The American criminal justice system regarding sex is not just logically incoherent, it is also often morally bankrupt because it remains unexamined and poorly understood. This Article contends that there are actually common roots underlying the seemingly oppositional forces of social panic and denial, which explain why the United States has an endemic sexual violence problem. Both panic and denial reinforce the implicit, and sometimes explicit, desire to avoid substantive engagement with socially contentious issues related to sex. The use of residency restrictions and civil commitment fit the modern social goal of putting sex offenders out-of-sight and out-of-mind. Yet, those same desires also explain America’s unwillingness to believe victims of sexual violence and police failure to properly investigate criminal complaints. In this way, sex panic dovetails with sex denial—in both instances, American culture only permits a limited discussion and understanding of sex and sexual violence. The result is that our nation fails to take sex crime complaints seriously while overreacting to the few convictions that emerge from the hostile criminal justice system.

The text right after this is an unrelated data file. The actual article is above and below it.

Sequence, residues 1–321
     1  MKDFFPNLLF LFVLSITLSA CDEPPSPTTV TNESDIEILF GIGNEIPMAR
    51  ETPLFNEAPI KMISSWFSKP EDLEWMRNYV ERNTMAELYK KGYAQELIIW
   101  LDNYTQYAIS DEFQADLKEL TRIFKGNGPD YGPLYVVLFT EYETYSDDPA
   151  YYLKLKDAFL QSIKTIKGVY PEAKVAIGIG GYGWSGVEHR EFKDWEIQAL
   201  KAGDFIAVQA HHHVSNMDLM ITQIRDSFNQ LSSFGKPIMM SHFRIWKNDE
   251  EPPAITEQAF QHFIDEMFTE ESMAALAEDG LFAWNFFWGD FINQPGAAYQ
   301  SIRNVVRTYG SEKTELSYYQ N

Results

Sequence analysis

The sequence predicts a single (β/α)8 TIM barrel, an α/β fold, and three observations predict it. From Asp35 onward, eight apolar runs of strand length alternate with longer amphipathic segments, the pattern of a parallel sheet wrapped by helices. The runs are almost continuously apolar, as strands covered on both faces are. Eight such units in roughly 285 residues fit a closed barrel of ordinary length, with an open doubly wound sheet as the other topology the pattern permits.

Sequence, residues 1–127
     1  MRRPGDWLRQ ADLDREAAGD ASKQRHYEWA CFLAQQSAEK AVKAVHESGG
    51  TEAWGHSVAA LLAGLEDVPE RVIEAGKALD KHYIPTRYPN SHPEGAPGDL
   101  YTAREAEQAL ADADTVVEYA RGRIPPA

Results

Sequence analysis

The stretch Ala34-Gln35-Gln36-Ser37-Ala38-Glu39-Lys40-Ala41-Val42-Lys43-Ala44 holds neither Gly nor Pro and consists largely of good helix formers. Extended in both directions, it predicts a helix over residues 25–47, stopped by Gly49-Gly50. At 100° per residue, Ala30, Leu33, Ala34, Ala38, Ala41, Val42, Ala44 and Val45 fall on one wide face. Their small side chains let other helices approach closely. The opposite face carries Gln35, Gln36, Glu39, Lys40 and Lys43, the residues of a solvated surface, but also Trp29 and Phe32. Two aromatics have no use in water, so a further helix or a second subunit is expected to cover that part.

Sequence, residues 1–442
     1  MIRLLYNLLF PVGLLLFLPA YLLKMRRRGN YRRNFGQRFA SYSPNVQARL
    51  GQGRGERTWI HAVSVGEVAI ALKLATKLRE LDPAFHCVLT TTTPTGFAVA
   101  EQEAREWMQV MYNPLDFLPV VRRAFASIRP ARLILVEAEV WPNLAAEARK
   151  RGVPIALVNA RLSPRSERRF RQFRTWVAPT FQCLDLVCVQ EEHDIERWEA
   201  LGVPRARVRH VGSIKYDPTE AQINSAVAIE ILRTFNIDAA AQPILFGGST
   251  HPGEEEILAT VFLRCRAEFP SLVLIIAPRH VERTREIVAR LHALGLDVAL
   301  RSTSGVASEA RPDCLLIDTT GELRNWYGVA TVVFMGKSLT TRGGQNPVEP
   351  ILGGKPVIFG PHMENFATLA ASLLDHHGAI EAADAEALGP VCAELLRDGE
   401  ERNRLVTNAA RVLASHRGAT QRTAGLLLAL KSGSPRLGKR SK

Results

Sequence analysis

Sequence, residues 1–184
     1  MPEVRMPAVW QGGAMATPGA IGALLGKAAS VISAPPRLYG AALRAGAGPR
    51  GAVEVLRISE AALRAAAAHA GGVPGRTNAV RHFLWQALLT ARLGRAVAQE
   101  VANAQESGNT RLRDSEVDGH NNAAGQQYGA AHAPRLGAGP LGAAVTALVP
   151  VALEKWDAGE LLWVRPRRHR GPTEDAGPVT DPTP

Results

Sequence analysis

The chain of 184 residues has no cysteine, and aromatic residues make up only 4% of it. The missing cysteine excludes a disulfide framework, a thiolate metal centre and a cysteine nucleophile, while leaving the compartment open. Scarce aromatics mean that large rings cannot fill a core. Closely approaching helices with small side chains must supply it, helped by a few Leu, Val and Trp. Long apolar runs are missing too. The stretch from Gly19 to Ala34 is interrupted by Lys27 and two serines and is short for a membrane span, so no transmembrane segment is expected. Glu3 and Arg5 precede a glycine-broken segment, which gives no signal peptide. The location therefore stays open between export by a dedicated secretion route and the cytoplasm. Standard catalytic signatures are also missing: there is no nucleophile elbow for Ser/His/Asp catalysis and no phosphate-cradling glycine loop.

Research Article| August 01 2018
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Corey Rayburn Yung; Sex Panic and Denial. New Criminal Law Review 1 August 2018; 21 (3): 458–482. doi: https://doi.org/10.1525/nclr.2018.21.3.458
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